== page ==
[Dietrich Bonhoeffer] was a hero and martyr for the faith, but is it possible evangelical Christians in America have lionized someone whose theology is not actually in sync with theirs?
THE RELIGION GUY ANSWERS:
Books by and about Dietrich Bonhoeffer (1906–1945) sell without letup, including no less than seven biographies since 2010, plus novels, plays, films, unending articles and even an opera. The German Lutheran pastor is one of the past century’s most revered authors with must-read titles like “The Cost of Discipleship,” “Life Together” and the posthumous “Ethics” and “Letters and Papers from Prison.” Moreover — yes — he’s lionized as a Christian martyr.
Everybody wants to claim this complex thinker as an ally, but where does he really fit? Was his theology “liberal” or “evangelical” or “neo-orthodox” or some mixture? Would he align with today’s political Left or Right? With absolutists or relativists in morals? Was he a pacifist or not? And, the latest fuss, was he gay or straight?
A quick rundown of his eventful life: Brilliant student trained in academically fashionable liberalism. Inspired to a different and deeper faith by African-American Christians during study in America. Fierce foe of Nazi anti-Semitism in the Protestant “Confessing Church.” Teacher in a close-knit underground seminary. German military intelligence officer working secretly as a double agent. Part of the anti-Hitler conspiracy and executed as a political prisoner days before Allied troops arrived.
Ample Bonhoeffer buzz results from the much-purchased and much-debated biography “Bonhoeffer: Pastor, Martyr, Prophet, Spy.” Author Eric Metaxas is an evangelical successor to Charles Colson on “Breakpoint” radio commentaries and leader of Manhattan’s intriguing “Socrates in the City” lecture series. He previously wrote “Amazing Grace,” a biography of William Wilberforce, the devoutly evangelical Member of Parliament most responsible for abolishing the slave trade across the British Empire.
Metaxas’s Bonhoeffer continues that theme of uplifting Christian activism. It also typifies John’s concern, since this biography is criticized for playing up Bonhoeffer’s problems with liberal theology and his affinity with evangelical piety. (Metaxas did not answer a “Religion Q and A” e-mail seeking his response to critics.) Bonhoeffer was conservative enough that Theo Hobson at the Episcopal seminary in New York City calls him “fumbling,” “faltering,” and “dubious” in a history of liberal theology. Yale University poet Christian Wiman, author of “My Bright Abyss,” says Bonhoeffer’s story distinguishes him “from the watery — and thus waning — liberal Protestantism that has emerged since the 1960s.”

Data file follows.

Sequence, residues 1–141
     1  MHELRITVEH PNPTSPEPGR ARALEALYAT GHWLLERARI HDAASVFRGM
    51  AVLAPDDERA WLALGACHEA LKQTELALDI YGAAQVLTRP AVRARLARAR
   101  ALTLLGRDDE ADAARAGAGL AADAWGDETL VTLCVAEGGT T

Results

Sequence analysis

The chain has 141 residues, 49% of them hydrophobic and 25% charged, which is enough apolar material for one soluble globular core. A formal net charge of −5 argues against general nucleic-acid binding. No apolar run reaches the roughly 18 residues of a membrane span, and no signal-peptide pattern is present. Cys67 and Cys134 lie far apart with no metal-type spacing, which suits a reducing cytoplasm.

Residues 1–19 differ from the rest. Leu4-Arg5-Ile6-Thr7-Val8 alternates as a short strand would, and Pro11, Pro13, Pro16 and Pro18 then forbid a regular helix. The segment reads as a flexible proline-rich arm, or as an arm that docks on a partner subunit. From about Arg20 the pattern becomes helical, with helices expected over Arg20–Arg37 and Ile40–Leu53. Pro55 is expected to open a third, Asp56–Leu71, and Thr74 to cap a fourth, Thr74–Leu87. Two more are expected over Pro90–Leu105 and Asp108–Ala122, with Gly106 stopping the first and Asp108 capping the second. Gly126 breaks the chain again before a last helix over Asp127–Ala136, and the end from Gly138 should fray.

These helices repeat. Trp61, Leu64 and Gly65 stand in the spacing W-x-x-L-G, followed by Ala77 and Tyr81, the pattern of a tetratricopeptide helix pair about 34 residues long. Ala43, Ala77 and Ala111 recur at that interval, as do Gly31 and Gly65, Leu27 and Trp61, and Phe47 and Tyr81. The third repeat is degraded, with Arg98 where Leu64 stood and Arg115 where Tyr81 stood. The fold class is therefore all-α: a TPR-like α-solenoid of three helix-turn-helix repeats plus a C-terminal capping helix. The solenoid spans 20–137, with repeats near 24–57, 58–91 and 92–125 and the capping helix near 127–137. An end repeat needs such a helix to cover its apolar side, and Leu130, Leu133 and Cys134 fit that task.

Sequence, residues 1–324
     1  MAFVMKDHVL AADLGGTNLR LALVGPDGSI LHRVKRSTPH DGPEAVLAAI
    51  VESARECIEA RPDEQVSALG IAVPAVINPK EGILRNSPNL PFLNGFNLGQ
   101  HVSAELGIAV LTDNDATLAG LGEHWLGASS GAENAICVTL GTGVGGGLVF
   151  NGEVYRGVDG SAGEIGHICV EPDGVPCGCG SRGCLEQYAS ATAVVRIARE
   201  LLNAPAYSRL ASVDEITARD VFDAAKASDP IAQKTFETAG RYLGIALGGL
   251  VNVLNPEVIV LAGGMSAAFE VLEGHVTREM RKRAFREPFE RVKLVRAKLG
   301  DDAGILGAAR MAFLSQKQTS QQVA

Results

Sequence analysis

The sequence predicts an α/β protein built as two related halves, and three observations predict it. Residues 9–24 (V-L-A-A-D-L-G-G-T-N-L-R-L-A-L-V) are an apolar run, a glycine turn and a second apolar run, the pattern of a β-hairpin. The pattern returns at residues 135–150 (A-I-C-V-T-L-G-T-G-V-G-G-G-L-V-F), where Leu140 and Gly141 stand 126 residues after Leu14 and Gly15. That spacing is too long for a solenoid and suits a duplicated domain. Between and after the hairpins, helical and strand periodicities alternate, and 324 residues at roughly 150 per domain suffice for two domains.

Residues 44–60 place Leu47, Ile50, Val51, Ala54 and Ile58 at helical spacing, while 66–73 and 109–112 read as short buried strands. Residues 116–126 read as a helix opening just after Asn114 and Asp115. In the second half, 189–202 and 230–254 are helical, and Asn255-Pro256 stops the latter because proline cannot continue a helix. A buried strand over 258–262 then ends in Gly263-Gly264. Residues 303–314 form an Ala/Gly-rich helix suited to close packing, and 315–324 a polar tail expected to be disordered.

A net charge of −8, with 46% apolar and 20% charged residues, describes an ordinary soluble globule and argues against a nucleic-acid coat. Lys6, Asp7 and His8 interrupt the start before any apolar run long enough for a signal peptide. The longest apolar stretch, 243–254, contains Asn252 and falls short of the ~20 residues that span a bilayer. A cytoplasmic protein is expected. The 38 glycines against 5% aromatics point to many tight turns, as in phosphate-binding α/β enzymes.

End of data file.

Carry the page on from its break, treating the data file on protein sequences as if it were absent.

But Clifford Green, who organized the 16-volume edition of Bonhoeffer’s works, savaged Metaxas in the liberal “Christian Century,” charging that he “hijacked” Bonhoeffer by falsely portraying him as a conservative. In a 1993 evangelical journal article, historian Richard Weikart said the theologian was no conservative and followed up with the 1997 book ”The Myth of Dietrich Bonhoeffer: Is His Theology Evangelical?” Weikart, now teaching at California State University, Stanislaus, thinks Metaxas’s “counterfeit Bonhoeffer” ignores liberal thinking that breaks with conservative evangelicalism, for instance doubts that Jesus rose bodily from the grave or that the Bible presents literal history otherwise.
As for politics, David Timmer, religion chair at Central College, chides yet another biography for “using Bonhoeffer as a club to bash Republican policies.” Problem is, he says, the man’s actual political views “were far too complex to be easily assimilated to either the contemporary left or the right.”
Then we have this patheos.com headline: “Bonhoeffer Was Flamingly Gay -- Deal With It.”
Ex-evangelical blogger Frank Schaeffer bases his “queer” Bonhoeffer on the brand-new “Strange Glory: A Life of Dietrich Bonhoeffer” by Charles Marsh of the University of Virginia. It seems Bonhoeffer was a fastidious dresser and loved art (stereotypes, anyone?). Marsh never says Bonhoeffer was homosexual but does depict an intense if not obsessive relationship with his student and best friend, the late Eberhard Bethge. Of course this could have been a passionate but celibate Christian bond as depicted in the classic “Spiritual Friendship” by the 12th Century abbot Aelred of Rievaulx.
Bethge softpedaled all that in his own important Bonhoeffer biography (English translation 1970). But when asked, Bethge denied Bonhoeffer was homosexual. So a gay Bonhoeffer would undermine the truthfulness of his closest ally and Bonhoeffer’s own ethical stature, since he was engaged to marry Maria von Wedemeyer just before his arrest. (Their prison correspondence is compiled in “Love Letters from Cell 92.”)
Liberals also claim Bonhoeffer as a fellow relativist in moral theology. Some contend he would have favored gay marriage, though heterosexual monogamy is assumed in Bonhoeffer’s conservative treatment of abortion and contraception in “Ethics.” The major example of flexibility is that Bonhoeffer moved from strict non-violence to support murder of Hitler in a context of tyranny and terror.
Or did he? Yet another dispute arises in “Bonhoeffer the Assassin?” by Mark Thiessen Nation and two former students at Eastern Mennonite Seminary. These evangelical pacifists contend there’s “no evidence” Bonhoeffer agreed with or was involved with plotting to assassinate Hitler alongside his brother-in-law Hans von Dohnanyi. But most biographers say there’s ample witness to Bonhoeffer’s participation.
So, what are we to make of these competing Bonhoeffers? John Stackhouse Jr., a theologian in Canada, provides perceptive analysis in a review of Marsh’s biography: Click here.
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